The first season of Angie Tribeca is available on demand; new episodes will air Mondays at 9 pm (EST).

The Revenant – A Review


It’s kind of hard to believe that people feel sorry for a rich, young, handsome actor who seems to have his pick of roles and supermodels, but that’s the position that we find ourselves in when it comes to Leonardo DiCaprio. While the dominant buzz about the Academy Awards has been its failure to nominate any actors of color, the subplot seems to be concern over whether this is the year that DiCaprio finally brings home an Oscar. This narrative picked up steam after 2014, when DiCaprio was nominated (and lost) for Wolf of Wall Street. People were suddenly very invested in whether he would ever win the Oscar and instantly Leonardo DiCaprio was cast in perhaps the most interesting role of his life – underdog.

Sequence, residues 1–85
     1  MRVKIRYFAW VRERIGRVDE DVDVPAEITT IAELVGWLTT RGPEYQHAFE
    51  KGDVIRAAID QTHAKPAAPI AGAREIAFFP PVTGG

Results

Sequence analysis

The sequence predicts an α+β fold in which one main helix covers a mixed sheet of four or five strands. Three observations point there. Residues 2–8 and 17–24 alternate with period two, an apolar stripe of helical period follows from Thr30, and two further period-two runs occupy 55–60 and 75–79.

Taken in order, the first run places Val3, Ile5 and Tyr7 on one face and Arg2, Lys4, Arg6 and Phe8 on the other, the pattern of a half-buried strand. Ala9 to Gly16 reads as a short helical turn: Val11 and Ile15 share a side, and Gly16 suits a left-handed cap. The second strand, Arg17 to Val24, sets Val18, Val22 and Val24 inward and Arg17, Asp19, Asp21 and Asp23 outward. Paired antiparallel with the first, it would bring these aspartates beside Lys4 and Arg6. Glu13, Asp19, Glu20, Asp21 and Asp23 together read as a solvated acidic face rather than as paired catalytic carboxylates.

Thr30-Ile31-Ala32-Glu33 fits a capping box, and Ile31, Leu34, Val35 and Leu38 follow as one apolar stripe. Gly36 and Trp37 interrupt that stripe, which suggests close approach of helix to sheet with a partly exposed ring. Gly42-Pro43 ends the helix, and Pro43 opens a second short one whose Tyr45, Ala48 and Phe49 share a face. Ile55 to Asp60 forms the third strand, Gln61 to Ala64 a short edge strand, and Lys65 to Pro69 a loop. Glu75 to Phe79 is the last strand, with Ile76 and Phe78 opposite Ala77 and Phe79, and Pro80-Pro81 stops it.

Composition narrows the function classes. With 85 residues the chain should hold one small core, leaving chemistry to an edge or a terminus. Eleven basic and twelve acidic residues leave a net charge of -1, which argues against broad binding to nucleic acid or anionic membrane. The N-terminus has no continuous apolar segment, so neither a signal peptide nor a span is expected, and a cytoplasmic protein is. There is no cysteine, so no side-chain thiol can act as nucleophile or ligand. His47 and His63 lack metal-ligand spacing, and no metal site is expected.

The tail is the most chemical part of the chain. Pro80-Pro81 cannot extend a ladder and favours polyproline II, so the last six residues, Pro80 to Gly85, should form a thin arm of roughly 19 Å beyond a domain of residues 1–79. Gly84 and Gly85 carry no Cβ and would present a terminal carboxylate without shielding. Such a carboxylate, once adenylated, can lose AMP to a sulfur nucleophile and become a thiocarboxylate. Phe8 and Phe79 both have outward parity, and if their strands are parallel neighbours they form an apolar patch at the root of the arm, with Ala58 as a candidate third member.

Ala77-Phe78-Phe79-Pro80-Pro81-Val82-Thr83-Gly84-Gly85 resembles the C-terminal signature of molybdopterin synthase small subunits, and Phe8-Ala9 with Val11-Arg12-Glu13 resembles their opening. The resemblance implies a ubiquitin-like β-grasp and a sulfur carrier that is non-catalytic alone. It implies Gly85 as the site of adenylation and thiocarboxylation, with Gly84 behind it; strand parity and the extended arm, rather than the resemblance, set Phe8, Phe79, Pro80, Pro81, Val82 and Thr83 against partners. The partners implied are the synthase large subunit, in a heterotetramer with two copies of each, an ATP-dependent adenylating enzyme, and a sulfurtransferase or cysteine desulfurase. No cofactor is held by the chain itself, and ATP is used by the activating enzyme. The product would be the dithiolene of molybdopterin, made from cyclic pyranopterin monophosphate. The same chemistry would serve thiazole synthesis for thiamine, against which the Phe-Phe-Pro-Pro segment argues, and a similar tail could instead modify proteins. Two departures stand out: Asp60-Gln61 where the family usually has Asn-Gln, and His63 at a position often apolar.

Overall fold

I’m guessing that people are as interested in this Oscar storyline as they are because it kind of feels like DiCaprio just should have an Oscar by now. Sure, there have been some clunkers on his resume, but overall he tends to pick quality projects that he’s good in. In fact, looking over his roles, especially of late, it’s hard not to think that his choices haven’t been curated for maximum award appeal. He has notably turned down some pretty iconic roles in blockbusters – smart move in passing on the Star Wars prequels – and instead has carefully selected more “prestige” projects, often with his directorial muse Martin Scorsese (a man who also knows a little something about waiting for an Oscar win). Honestly, it’s a little surprising that his nomination this year is only his fifth acting nod from the Academy – and one of those was for Blood Diamond, which is not one of his best performances. Perhaps the Academy has decided that DiCaprio is already living a pretty charmed life and his Oscar drought will make up for his abundance of riches. Build character. Humble him. It’s possible that we are all far more upset about DiCaprio’s failure to win than he is and that we are projecting on to him our own need for approval and recognition. I sincerely doubt this is in fact the case, but it is plausible. Maybe he isn’t chasing that sweet Oscar gold like we think.